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The third Not At Night volume was the first hardback publication of a Lovecraft Mythos story: “The Horror at Red Hook.” The book also marks the appearance of stories from Thomson (under the name Flavia Richardson) and her husband Oscar Cook; both had submitted and published their work in Weird Tales.

A third pleasure is given me by the news of Red Hook’s anthological reprinting; and I’d like to see the book if you can get me a copy later on. I can most emphatically and advantageously use any royalties, be they ever so humble, which may chance to trickle in from Mr. Lovell. I’ve been meaning to ask Belknap whether he obtained anything for the two stories reprinted in previous issues.—H. P. Lovecraft to Farnsworth Wright, 16 July 1927, Selected Letters 2.155, Lovecraft Annual 8.11

I also learn to my great pleasure that the British “Not at Night” anthology which reprinted two of Belknap’s tales has used one of mine—”Red Hook”—in its third issue. This will bring enough of a royalty to keep me in postage stamps if Belknap’s experience by any criterion.
—H. P. Lovecraft to August Derleth, 26 July 1927, ES1.100

I’ve forgotten the name of the British firm that issues the “Not at Night” anthologies, but Wright could tell you quickly enough. It’s like an average publisher to choose a writer’s worst tale for particular preference. “Red Hook” was so poor that I hesitated in sending it to Wright in the first place, but he thought it was one of my best!
—H. P. Lovecraft to August Derleth, 4 Aug 1927, ES1.101-102

I have never tried my luck with the British market, but I believe I will later take advantage of your much-appreciated suggestion. No—I have patronised no agents in England, although I am told that Weird Tales’s London representative systematically endeavours to re-market all the contents of that dubious congeries of mediocrity on the other side. As a result of this arrangement, they tell me that one of my poorest printed effusions—”The Horror at Red Hook”—is about to be reprinted in the latest number of the Selwyn & Blount “Not At Night” anthology—an institution which has already used two stories by Frank Belknap Long.
—H. P. Lovecraft to Vincent Starrett, 23 Aug 1927, Letters to Maurice W. Moe 523

At Cook’s I saw the two “Not at Night” anthologies, & asked the name of the publishers. It is Selwyn & Blount.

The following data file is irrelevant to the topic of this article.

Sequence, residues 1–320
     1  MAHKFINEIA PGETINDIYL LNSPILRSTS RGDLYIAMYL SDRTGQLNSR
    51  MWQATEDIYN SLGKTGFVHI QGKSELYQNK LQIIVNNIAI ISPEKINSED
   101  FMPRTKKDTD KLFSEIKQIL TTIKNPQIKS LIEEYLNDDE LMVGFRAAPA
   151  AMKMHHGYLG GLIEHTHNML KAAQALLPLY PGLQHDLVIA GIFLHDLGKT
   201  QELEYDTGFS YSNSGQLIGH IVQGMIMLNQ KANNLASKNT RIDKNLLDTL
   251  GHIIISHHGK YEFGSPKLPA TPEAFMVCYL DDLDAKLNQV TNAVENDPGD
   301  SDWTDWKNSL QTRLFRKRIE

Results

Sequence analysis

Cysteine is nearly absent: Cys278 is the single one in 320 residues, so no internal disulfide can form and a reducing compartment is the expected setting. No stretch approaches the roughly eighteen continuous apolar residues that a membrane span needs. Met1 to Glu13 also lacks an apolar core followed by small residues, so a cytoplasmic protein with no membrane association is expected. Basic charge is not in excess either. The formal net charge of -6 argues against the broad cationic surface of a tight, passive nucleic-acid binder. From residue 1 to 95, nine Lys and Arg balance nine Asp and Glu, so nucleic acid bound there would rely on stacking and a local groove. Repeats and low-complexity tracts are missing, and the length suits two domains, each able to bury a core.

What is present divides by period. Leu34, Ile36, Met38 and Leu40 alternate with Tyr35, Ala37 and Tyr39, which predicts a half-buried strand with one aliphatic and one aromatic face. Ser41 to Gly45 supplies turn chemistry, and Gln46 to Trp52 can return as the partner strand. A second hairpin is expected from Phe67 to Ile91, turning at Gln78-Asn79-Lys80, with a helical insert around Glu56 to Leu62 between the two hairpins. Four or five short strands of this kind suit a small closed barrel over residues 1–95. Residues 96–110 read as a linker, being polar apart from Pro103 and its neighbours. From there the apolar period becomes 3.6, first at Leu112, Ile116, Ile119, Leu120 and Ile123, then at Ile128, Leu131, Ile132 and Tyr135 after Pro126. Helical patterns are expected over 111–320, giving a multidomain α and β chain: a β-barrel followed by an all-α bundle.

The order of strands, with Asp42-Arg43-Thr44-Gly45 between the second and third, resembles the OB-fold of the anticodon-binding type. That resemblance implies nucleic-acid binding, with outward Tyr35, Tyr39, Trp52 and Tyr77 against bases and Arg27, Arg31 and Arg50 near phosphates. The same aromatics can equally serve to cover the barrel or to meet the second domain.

—H. P. Lovecraft to August Derleth, 5 Sep 1927, ES1.104

Anthologies, by the way, are right in my line. I’ve just received the 3d. of the Selwyn & Blount “Not at Night” series with my “Horror at Red Hook” as the last story in the book. This is my first—if not my last—appearance between cloth covers.
—H. P. Lovecraft to Donald Wandrei, 19 Dec 1927, Mysteries of Time & Spirit 195-196, SL2.211

I duly received the Selwyn and Blount anthology which you forwarded. Not half bad! My first appearance between cloth covers, save for prefaces to two books of other people’s poetry which I’ve edited. I note that their illiterate proofreader copies the misprinted punctuation of the Latin quotation—the comma after tali which so lacerated my heart in Weird Tales.
—H. P. Lovecraft to Farnsworth Wright, 22 Dec 1927, SL2.212, LA8.16

You’ll Need A Night Light is not technically Lovecraft’s first appearance in hardcover, since he had previously had material appear in The Poetical Works of Johnathan E. Hoag (1926) and White Fire (1927), both tributes and collections of work of notable amateur journalists, but it was his first fiction appearance in an anthology. While happy to be in the anthology and pleased at the idea of royalties, Lovecraft’s estimation of the book’s literary value was low:

Your inclusion in the last “Not at Night” volume also gave me great pleasure, but you should have been there before with “The Outsider” or one of your more important tales than “The Horror at Red Hook.”
—Donald Wandrei to H. P. Lovecraft, 15 Jan 1928, MTS 199

As for that ‘Not at Night’—that’s a mere lowbrow hash of absolutely no taste or significance. Aesthetically speaking, it doesn’t exist.
—H. P. Lovecraft to Donald Wandrei, 20 Jan 1928, MTS 202

In fact, a hallmark of the Not At Night series under Thomson’s editorship was going for the grue, so to speak. She often picked not the best of the stories from Weird Tales, but some of the most vivid and visceral, such as Eli Colter’s “The Last Horror” and Seabury Quinn’s “The House of Horror”—a far cry from Lovecraft’s preferred aesthetic, but the readers ate it up.

Gruesome Cargoes (1928)